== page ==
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ERIC Number: ED537702
Record Type: Non-Journal
Publication Date: 2012-May
Pages: 24
Abstractor: ERIC
Reference Count: N/A
Raising the Bar, Building Capacity: Driving Improvement in California's Continuation High Schools
de Velasco, Jorge Ruiz; McLaughlin, Milbrey
Chief Justice Earl Warren Institute on Law and Social Policy
California's approximately 500 continuation high schools are estimated to serve more than 115,000 California high school students each year--a number that approaches almost 10 percent of all high school students and as many as one of every seven high school seniors. Continuation schools are, however, more racially and ethnically concentrated than the state's traditional comprehensive high schools. Hispanic students comprise 55 percent of all students in continuation schools, and although African American enrollments in continuation schools approximate those of comprehensive schools statewide, they tend to be overrepresented in many districts. California law contemplates more intensive services and accelerated credit accrual strategies so that students who are vulnerable to dropping out of school might have a renewed opportunity to graduate from high school with a regular diploma. Based on a statewide study of these schools, however, the authors conclude that, as a whole, they are failing to provide the academic and critical support services that students need to succeed. This report comes at a watershed moment for American public education. At the federal level, policymakers are poised to reshape the federal school accountability system to promote universal college and career readiness through a new common core curricula and a renewed focus on the lowest performing schools. Likewise, here in California, legislators are considering sweeping changes to a broken school finance system and seek to recalibrate the school accountability system so that it creates stronger incentives for data-driven improvement across all schools. As well, the state legislature is considering almost 10 bills to address school discipline policies and practices that have tended to push low-income and minority students out of comprehensive schools and away from college and career-ready pathways. This ferment in public education presents both promise and peril for the alternative schools that are the subject of this report. The peril is that these schools and programs may remain an afterthought in the emerging curricular and accountability reforms. If so, this report offers a bleak prologue of what the vast majority of these schools will continue to offer those youth who find themselves falling behind but struggling to stay engaged in pursuit of a high school diploma. The promise, however, is that this moment presents a window of opportunity to fully incorporate continuation high schools, intended as second-chance pathways to the diploma, into the thinking, planning, and articulation of new accountability reforms and innovation. To this end, this report explores the role that the state, local districts and school leaders play in affecting school quality and student outcomes in continuation schools. Also examined are the roles of community nonprofit, and county or municipal social services, law enforcement, or juvenile justice agencies that come to play important roles in the lives of adolescents in these alternative schools. The authors' focus is on systemic issues (including relationships within schools and among districts and county authorities) and policy determinants of effective instruction (that is, how work and time are conceived and organized in schools). In earlier reports, their objective was to describe the schools and the challenges they face. In this report, they focus on schools that are performing well under state and federal accountability systems and reflect on what these schools can tell about promising policy and practice interventions. They tread cautiously here because for most students who are not on track to graduate due to poor grades or insufficient credits, alternative schools remain simply early exit ramps from school. But they have seen enough successful schools and students to report with confidence that despite disappointing overall results, continuation high schools can provide important opportunities and resources for a vulnerable population of youth. The "beating the odds" schools they examined also provide valuable lessons for policymakers and practitioners statewide. (Contains 34 footnotes.) [This paper was written with the assistance of Susan Bush, Martha Cortes, Hoorig Santikian, and Susan Tu. For "Raising the Bar, Building Capacity: Driving Improvement in California's Continuation High Schools. Executive Summary," see ED537703.]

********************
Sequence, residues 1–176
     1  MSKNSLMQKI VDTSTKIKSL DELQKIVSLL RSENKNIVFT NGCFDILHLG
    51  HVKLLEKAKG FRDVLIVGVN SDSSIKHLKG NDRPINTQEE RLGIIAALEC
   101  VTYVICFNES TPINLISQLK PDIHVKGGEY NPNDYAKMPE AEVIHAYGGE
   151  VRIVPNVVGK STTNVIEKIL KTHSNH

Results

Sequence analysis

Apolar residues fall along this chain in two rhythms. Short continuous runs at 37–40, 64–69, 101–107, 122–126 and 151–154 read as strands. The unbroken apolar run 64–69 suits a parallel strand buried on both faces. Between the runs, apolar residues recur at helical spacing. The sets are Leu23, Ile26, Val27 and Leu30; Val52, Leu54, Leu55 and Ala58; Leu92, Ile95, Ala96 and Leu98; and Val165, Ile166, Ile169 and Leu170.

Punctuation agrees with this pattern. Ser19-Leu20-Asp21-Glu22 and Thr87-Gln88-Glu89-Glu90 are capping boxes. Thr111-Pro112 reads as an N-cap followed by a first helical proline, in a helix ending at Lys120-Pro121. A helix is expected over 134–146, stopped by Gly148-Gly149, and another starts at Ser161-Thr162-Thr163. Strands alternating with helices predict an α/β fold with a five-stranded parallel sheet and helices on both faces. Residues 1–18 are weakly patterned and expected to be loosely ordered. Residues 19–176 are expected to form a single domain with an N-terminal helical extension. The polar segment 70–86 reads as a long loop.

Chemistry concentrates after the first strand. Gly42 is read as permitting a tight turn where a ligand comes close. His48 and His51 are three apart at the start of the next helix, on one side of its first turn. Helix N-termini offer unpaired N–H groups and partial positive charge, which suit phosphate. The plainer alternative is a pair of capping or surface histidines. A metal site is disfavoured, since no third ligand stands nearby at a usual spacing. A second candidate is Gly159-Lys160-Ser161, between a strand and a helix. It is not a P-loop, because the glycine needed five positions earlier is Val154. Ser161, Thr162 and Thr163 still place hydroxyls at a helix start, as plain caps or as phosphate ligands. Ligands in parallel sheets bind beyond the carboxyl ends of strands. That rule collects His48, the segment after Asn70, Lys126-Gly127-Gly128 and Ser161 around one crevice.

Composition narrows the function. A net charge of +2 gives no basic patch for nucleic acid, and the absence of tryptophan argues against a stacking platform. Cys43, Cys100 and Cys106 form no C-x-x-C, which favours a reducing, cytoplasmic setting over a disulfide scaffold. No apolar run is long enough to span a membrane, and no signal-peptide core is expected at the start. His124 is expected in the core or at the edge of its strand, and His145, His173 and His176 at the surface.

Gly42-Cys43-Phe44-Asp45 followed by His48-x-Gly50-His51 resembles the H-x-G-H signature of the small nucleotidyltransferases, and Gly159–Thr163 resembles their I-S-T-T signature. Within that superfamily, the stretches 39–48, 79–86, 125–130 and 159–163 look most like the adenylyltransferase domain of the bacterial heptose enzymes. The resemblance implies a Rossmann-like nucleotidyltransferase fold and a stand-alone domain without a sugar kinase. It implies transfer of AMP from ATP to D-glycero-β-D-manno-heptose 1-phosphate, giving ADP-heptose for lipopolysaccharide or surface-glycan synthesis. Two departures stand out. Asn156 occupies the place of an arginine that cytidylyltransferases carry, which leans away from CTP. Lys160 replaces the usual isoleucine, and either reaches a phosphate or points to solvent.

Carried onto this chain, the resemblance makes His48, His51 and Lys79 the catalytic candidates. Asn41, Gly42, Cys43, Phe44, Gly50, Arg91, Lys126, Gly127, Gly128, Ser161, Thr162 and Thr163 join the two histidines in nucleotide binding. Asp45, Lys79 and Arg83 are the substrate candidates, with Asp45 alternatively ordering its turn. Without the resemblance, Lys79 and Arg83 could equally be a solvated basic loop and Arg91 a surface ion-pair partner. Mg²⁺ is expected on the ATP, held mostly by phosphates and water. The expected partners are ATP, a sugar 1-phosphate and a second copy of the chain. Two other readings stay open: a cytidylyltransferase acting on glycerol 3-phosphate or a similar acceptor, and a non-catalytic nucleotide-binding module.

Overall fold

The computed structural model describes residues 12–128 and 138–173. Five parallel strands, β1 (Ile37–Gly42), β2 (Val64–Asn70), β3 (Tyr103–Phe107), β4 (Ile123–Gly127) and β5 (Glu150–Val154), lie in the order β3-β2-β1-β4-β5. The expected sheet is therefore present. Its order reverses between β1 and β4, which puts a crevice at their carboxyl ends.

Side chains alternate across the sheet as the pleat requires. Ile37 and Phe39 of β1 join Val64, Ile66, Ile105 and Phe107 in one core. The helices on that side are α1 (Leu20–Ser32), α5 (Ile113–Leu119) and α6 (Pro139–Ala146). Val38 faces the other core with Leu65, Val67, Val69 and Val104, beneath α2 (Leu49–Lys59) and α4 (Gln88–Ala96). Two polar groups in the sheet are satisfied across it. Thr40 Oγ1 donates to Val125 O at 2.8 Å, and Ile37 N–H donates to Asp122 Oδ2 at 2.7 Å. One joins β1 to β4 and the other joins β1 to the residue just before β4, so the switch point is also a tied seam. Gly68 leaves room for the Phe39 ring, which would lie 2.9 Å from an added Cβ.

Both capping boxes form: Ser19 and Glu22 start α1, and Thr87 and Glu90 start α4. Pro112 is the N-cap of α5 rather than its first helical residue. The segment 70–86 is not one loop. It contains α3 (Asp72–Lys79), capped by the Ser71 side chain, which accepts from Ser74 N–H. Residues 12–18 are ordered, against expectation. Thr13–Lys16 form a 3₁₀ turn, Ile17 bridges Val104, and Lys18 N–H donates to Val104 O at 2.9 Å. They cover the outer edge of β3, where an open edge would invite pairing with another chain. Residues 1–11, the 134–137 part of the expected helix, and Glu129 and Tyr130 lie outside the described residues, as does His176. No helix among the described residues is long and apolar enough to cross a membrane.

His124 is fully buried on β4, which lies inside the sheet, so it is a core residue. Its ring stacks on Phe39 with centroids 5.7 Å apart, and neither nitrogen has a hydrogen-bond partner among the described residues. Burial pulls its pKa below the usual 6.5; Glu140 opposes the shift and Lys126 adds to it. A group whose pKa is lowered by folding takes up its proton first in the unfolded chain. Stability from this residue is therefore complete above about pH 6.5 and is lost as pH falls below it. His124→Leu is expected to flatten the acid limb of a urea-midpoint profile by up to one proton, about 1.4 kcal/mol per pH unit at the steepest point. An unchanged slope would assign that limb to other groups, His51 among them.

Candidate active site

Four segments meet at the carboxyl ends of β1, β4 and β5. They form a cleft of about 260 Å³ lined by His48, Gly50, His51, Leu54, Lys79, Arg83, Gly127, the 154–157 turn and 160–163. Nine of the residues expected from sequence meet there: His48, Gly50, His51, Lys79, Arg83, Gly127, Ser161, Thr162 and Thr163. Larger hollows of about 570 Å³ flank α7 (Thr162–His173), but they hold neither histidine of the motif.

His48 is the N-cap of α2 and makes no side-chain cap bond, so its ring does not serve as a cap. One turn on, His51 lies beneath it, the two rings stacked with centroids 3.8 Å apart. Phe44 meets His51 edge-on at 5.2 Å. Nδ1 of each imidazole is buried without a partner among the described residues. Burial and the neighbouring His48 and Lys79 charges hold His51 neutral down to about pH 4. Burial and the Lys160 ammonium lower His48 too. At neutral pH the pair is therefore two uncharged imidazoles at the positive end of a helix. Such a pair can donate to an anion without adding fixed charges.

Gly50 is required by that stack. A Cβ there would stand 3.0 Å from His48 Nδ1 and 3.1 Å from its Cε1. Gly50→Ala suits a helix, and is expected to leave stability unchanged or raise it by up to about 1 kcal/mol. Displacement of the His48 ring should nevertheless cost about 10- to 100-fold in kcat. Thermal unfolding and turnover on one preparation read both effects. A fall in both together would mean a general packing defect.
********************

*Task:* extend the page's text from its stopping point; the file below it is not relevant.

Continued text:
University of California Berkeley School of Law, 2850 Telegraph Avenue Suite 500, Berkeley, CA 94705. Tel: 510-642-8568; Fax: 510-643-7095; Web site:
Publication Type: Reports - Evaluative
Education Level: High Schools; Secondary Education
Audience: N/A
Language: English
Sponsor: Stuart Foundation; California Endowment; James Irvine Foundation; William and Flora Hewlett Foundation; Ford Foundation
Authoring Institution: University of California, Berkeley, Chief Justice Earl Warren Institute on Race, Ethnicity and Diversity
Identifiers - Location: California